The monks last week announced the worldwide introduction March 15 of their album of Gregorian chants, catchily renamed "Chant" for the U.S. The collection will be released in Latin America, Europe, Asia and the U.S.
In Spain, the somewhat longer titled "Las Mejores Obras del Canto Gregoriano" ("The Best of Gregorian Chants") has shown unprecedented success for classical music, with sales equal to those of the biggest pop and rock singers. In Spain, more than 300,000 copies of the double compact disc have been sold to date for $21.
The new CD, oddly enough, is a compilation of four earlier releases by the monks. It wasn't until last year, however, that EMI Odeon, Madrid, the monks' label, recognized the cumulative sales of the music had reached 170,000. In classical music, sales of 25,000 are worth a platinum record.
EMI set out to capitalize on the phenomena, devising a strategy to capture the fancy of the press and public. The company held a news conference in November at the monastery in the north central province of Burgos.
There, EMI delivered the monks' six platinum records and announced the current recompilation.
Since then, the monks have sold another 130,000 copies, making the album No. 1 on both the classical chart and the overall pop chart, staying there for six weeks to beat out secular singers Gloria Estefan, the Beatles and Frank Sinatra. As of last week, the chants were No. 5 on the Spanish pop chart.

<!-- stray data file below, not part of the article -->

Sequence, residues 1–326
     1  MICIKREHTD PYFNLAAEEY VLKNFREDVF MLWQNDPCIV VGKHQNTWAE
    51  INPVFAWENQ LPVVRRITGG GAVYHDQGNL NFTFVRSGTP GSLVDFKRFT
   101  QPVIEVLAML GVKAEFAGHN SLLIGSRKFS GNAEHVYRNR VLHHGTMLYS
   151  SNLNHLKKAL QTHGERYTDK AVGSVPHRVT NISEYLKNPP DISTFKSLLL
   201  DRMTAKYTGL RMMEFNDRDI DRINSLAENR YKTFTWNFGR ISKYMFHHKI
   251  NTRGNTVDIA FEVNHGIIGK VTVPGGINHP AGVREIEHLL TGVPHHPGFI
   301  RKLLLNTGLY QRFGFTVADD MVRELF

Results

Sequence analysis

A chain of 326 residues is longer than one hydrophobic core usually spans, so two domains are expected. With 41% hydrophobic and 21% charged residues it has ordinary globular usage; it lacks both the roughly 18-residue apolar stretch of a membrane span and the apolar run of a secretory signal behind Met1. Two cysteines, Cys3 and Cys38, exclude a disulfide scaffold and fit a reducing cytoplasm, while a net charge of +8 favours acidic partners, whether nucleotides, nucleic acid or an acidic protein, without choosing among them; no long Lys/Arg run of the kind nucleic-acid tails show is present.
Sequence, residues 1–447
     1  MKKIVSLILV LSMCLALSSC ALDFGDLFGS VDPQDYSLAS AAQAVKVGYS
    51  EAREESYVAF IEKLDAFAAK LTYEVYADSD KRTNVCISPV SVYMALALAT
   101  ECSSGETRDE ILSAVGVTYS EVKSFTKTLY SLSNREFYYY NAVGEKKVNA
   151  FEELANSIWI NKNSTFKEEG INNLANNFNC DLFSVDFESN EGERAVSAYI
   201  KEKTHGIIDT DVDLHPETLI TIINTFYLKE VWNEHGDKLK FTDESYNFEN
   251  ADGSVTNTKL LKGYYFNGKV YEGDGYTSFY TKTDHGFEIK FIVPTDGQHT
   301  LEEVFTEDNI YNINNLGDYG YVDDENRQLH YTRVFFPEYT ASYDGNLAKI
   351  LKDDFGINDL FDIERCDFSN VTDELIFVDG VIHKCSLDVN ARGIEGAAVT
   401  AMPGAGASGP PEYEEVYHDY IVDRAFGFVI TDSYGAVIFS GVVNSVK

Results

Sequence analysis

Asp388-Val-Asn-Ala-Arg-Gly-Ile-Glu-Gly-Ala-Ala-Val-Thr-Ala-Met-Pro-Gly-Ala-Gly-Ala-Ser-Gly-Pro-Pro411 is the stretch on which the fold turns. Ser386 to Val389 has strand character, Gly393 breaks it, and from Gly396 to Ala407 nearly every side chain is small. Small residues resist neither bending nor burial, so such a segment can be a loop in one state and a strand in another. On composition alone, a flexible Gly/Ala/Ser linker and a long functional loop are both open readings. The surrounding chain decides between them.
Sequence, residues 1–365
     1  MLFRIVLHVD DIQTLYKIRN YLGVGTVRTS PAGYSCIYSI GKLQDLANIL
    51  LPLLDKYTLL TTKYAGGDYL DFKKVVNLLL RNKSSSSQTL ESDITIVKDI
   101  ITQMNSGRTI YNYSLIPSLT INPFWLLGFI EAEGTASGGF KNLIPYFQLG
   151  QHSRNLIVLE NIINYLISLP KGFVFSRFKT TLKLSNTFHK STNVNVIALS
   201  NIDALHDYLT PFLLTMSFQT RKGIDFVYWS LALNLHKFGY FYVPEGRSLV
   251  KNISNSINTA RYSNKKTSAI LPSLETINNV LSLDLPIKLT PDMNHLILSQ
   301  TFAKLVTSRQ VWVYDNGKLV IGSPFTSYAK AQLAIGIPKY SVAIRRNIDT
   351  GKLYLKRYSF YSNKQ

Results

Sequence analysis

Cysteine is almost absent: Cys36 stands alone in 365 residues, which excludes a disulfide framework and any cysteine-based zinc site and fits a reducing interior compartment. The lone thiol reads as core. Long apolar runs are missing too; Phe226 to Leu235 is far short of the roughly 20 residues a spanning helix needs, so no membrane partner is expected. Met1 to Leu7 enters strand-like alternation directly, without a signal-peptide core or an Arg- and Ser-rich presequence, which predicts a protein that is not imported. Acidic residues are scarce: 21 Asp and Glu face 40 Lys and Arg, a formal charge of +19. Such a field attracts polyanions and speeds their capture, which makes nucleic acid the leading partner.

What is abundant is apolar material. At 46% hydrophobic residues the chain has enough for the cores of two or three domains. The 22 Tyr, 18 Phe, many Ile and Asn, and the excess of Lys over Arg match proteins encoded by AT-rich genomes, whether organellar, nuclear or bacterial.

Its rise is nothing short of miraculous.
"Never before has a classical album entered the pop and rock lists," in Spain, said Ana Garcia, international division manager, EMI Odeon.
The news conference was followed up with a three-week TV-only campaign, created in-house, on national and regional TV. Spots showed the Spanish album cover with monks rendered in stained glass with the theme line "A good adventure."
For "Chants" international debut, each EMI division where the record is being introduced will handle marketing, either in-house or through an agency. Ms. Garcia wasn't sure of all the countries' plans, but Europe and the U.S. at least will have TV campaigns, she said, along with strong merchandising displays.
EMI expects results to be heavenly. The "conservative" estimate is 500,000 CDs worldwide, Ms. Garcia said.